The government has launched a consultation on its plans to protect vulnerable agency workers and clamp down on rogue companies.
Measures set out in the consultation document include:
- Giving workers a clear right to withdraw from accommodation, transport or other services provided by an agency without suffering any detriment
- Plans to alert potential migrant workers to their rights and highlight unscrupulous practices they may fall victim to before they come to the UK
- Making clear in guidance that driving agencies who flout the law and knowingly allow drivers to work beyond their hours can face criminal prosecution
- Banning the taking of fees on the day where talent agencies hold open call castings and possibly for up to a week afterwards
- Defining in law what can be included as a reasonable cost when a talent agency seeks a fee for including an individual’s details in a publication in addition to providing work-finding services.
In addition, there are plans to reduce the amount of paperwork agencies are required to complete.
The proposals under consultation suggest that when workers are placed on assignments lasting less than five days, the agency will not have to provide written information providing details such as qualifications required and rate of pay are included in the agency’s terms and conditions. The government estimates this will save agencies between £6.6 – £15.4 million per year.
Employment relations minister Jim Fitzpatrick said: “Many agency workers choose temporary positions as it fits their lifestyle and allows them to choose their working pattern. The government’s focus in this consultation is on those agency workers who are vulnerable, to make sure they know their rights.”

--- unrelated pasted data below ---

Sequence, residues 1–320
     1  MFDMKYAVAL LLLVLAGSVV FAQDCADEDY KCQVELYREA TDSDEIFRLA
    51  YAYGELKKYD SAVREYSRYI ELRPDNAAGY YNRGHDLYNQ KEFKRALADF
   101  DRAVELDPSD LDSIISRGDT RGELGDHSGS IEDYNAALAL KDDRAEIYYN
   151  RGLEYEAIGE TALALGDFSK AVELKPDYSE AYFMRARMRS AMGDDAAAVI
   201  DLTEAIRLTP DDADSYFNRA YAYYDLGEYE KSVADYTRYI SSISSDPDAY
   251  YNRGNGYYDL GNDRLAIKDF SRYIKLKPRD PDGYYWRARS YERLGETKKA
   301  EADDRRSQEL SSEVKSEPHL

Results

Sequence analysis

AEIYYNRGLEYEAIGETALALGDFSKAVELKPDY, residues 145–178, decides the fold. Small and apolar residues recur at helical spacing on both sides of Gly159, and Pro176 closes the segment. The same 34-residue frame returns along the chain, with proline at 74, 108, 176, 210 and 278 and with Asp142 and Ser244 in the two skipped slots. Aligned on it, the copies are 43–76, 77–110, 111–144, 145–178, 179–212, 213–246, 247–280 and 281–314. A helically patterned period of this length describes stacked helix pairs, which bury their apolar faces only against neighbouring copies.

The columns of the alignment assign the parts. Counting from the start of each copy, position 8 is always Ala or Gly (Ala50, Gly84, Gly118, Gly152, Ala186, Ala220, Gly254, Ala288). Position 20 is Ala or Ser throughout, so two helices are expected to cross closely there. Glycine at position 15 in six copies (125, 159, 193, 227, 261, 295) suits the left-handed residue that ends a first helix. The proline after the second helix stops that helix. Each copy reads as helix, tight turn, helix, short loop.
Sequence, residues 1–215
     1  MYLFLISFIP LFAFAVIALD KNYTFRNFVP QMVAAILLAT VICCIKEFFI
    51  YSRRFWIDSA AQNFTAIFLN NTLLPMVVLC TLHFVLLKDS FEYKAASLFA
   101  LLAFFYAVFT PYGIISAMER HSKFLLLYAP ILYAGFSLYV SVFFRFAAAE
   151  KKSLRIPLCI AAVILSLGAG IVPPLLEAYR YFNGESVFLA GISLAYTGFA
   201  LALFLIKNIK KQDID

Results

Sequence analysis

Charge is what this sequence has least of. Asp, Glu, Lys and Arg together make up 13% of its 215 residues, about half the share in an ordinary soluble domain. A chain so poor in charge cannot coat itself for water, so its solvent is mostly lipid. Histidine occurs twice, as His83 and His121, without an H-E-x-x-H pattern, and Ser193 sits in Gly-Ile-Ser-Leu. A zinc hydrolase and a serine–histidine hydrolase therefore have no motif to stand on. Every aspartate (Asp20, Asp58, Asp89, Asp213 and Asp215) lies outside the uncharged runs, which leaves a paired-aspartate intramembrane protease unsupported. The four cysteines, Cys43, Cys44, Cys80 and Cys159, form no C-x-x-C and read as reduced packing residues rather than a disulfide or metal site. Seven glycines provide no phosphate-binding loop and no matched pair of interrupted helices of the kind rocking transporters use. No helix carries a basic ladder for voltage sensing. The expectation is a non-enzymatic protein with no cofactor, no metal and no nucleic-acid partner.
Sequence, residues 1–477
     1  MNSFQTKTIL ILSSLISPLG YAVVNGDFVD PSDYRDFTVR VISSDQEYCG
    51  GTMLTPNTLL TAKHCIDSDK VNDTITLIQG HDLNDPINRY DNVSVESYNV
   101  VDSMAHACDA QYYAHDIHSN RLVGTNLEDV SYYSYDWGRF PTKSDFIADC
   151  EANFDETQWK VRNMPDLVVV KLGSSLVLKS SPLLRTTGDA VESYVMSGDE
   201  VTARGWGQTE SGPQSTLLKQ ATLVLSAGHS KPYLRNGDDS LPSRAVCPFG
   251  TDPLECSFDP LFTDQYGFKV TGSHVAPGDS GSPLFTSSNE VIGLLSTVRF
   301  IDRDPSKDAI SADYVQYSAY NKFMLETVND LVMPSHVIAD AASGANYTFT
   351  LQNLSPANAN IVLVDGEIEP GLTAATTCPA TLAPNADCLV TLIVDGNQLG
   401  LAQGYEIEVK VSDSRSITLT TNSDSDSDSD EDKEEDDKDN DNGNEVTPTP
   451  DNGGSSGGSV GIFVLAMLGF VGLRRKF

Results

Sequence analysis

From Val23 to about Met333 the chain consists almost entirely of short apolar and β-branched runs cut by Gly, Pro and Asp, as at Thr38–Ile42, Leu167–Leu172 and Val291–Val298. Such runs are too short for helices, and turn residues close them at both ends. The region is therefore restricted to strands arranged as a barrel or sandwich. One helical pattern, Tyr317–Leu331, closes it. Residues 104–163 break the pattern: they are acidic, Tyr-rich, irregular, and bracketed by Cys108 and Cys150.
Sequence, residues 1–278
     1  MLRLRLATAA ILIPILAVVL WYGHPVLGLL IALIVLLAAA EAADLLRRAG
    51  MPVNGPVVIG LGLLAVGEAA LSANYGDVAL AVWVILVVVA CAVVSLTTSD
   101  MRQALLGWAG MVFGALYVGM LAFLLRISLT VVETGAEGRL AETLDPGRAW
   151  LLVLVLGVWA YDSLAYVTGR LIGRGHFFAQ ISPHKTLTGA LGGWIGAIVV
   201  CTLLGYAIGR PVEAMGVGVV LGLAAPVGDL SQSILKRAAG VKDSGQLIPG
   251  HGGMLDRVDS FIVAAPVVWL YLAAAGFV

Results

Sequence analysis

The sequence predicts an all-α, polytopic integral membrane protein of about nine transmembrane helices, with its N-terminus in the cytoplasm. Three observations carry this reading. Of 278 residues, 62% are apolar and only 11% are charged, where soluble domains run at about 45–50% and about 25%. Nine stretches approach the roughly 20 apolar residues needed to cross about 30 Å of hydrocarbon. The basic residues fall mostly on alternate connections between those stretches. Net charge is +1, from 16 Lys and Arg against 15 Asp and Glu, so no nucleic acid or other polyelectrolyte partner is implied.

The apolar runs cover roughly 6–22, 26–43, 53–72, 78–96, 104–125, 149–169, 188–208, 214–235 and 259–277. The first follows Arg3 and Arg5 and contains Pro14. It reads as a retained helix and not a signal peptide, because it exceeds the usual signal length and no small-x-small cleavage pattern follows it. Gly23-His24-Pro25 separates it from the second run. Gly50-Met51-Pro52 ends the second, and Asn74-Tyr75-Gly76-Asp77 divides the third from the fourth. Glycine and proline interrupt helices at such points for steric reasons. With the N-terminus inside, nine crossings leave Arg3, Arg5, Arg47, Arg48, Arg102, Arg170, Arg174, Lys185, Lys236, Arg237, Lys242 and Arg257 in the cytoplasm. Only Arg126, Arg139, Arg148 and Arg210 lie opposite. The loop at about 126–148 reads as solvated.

But the TUC argues the remit of the consultation is not broad enough. TUC general secretary Brendan Barber said: “Unfortunately the consultation is extremely limited in its scope and will do nothing to address the worse pay and conditions that temps receive.
“Unions have long campaigned for agency workers to be given the same rights at work as their permanent colleagues. Without better protection at work, many agency workers will continue to receive unfair treatment.
“The Government has said previously that it supported the principles contained in the now shelved European temporary agency workers directive. Ministers should now prove this commitment by introducing equal treatment for agency workers by supporting Paul Farrelly’s Private Members’ Bill.”
As HR Zone has previously reported, Mr Farrelly’s bill is due to be read on Friday, March 2. The Recruitment and Employment Confederation (REC) is conducting a lobbying campaign accusing the unions of misrepresenting agency work.
The REC’s CEO Marcia Roberts welcomed the government consultation, saying: “Raising standards is at the heart of the REC’s mission and we are fully behind the DTI’s measures to support more vulnerable workers. The REC recognises the need to ensure that recruitment agencies are acting correctly and, to this end, has recruited a team of four enforcement officers who will check that REC members are abiding by our code.
“Where vulnerable workers are exploited there is a need focus on the enforcement of the current Employment Agency Act regulations rather than inventing new laws. There is no real need to introduce further detailed regulation of the industry – as the trade unions are currently trying to do through their Private Members’ Bill on temporary agency workers.”